Shiny webmail

I have a very old-school mail setup. I have several mail accounts with various providers, all of which still get mail and which I can't merge into one account very easily. I used to use Evolution on my desktop to access all these accounts directly. If I wanted to read mail on my laptop I'd hope that running Evo on the desktop over SSH would work. When I wanted to read mail from anywhere else I'd have to log in to each provider's own webmail system, which takes ages, is horrible to use, and doesn't update the read / unread / replied-to status on Evo at home.

This sucked.

So I changed it all. Now I basically have my own mail server. It runs on my desktop, which isn't ideal, but I plan to shift it to a virtual machine or a real dedicated server sometime soon. Anyway, it runs fetchmail to pull in all the email from the various accounts. All the mail is then piped through procmail, which filters it for spam with spamassassin and then sorts it into various maildir-format folders under ~/Maildir. courier-imap then serves out the mail from these folders. I can then use any IMAP-compliant mail reader on any machine on my local network to read the mail; whatever client I use to read it with, the message status stays perfectly in sync, because all that is handled by the IMAP server, not the mail client.

The only issue then is external access. Sometimes I allow the server to be accessed externally (I stop restricting access to only 192.168.1.* addresses, and forward the imap-ssl port through my firewall). Then I can use an IMAP client on any external machine just as I can on any internal machine. Sometimes I get a bit worried about the security of such a setup, though, particularly as it runs on my desktop. Also, sometimes I'm using someone else's machine and don't want to start installing and configuring a dedicated email client, and sometimes I'm in a situation where I just flat out can't do that. So I've also been running squirrelmail, which is basically a webmail server. It runs on the same machine as the mailserver, connects to the IMAP server (well actually I have it going via imapproxy, but that's just for reasons of speed) and then provides webmail access via Apache (yes, that does mean I have a web server running on my desktop too; security enthusiasts in the audience, feel free to drop dead of a heart attack at this point).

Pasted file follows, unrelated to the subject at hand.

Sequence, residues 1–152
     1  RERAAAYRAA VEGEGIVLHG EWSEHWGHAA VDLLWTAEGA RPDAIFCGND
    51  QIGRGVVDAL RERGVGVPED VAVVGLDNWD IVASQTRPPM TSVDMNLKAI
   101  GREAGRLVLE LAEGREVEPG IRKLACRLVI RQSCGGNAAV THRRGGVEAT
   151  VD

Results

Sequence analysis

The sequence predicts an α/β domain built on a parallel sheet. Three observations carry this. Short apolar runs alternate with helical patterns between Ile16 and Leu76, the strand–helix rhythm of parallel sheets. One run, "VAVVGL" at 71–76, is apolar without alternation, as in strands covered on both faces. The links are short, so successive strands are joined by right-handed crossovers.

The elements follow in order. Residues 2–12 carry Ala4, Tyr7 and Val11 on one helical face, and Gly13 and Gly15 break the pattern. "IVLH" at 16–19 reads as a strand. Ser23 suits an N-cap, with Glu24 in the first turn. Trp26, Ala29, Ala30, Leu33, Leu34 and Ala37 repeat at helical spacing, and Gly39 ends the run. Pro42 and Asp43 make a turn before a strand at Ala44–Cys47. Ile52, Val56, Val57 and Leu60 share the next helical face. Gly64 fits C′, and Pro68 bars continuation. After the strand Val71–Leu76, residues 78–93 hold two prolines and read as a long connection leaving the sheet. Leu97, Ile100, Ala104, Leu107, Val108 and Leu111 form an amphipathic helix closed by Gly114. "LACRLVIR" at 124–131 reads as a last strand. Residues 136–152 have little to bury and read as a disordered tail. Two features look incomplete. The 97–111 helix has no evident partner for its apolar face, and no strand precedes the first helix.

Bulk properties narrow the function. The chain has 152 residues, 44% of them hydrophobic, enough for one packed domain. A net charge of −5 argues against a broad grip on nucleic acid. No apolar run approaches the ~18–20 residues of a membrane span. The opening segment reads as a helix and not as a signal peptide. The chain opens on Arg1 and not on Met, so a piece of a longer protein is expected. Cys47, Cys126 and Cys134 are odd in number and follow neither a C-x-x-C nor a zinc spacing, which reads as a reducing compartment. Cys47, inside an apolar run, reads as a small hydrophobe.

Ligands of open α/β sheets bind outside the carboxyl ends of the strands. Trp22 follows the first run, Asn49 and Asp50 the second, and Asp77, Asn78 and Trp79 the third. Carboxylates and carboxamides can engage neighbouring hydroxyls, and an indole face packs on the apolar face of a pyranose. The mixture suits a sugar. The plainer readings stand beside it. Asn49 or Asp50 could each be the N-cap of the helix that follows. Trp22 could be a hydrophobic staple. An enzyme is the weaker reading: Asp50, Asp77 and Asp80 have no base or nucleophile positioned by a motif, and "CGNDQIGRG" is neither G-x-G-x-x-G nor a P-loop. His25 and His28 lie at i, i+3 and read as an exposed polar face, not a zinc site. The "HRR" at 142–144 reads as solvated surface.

This works fine, except for three problems. It's a bit slow. The interface isn't very good. And it's ugly as sin. Take a look at the screenshot. Would you want to be caught dead using that in public instead of gmail? Nope, me either.

Fortunately I stumbled across something nicer yesterday. A Club forum regular mentioned something called Roundcube, so I went to investigate. It's a webmail server just like squirrelmail...only it's implemented in a much more modern way, and consequently looks a hell of a lot prettier and has a much nicer interface (it feels very like a 'proper' mail client, rather than a web page). See?

Only problem is that the stuff roundcube uses is so new it won't work properly on some older browsers (especially IE <6.0, and to a lesser extent, even IE 6.0). So I still keep Squirrelmail installed in case I happen to be using a machine crippled with an old Microsoft browser. But in all other cases, Roundcube rules the roost now. It'll be even nicer when it has GPG support and a preview pane, but it's already pretty killer.


yoho wrote on 2006-10-31 09:24:
Your first remarks is exactly what lead KDE developers to akonadi ( Akonadi is just that : an lightweight imap server running on a desktop, but they go a little beyond by putting contacts in it and allow akonadi's to work together. You can also see akonadi as a little fetchmail and doesn't need to open your mail client in order to fetch you mail. FYI, I've never heard about roundcube, but already heard about horde/imp (
adamw wrote on 2006-11-01 02:37:
That does look neat, I'll keep an eye on it as it matures.
adamw wrote on 2006-11-01 02:38:
oh, horde is rather too heavy for my requirements.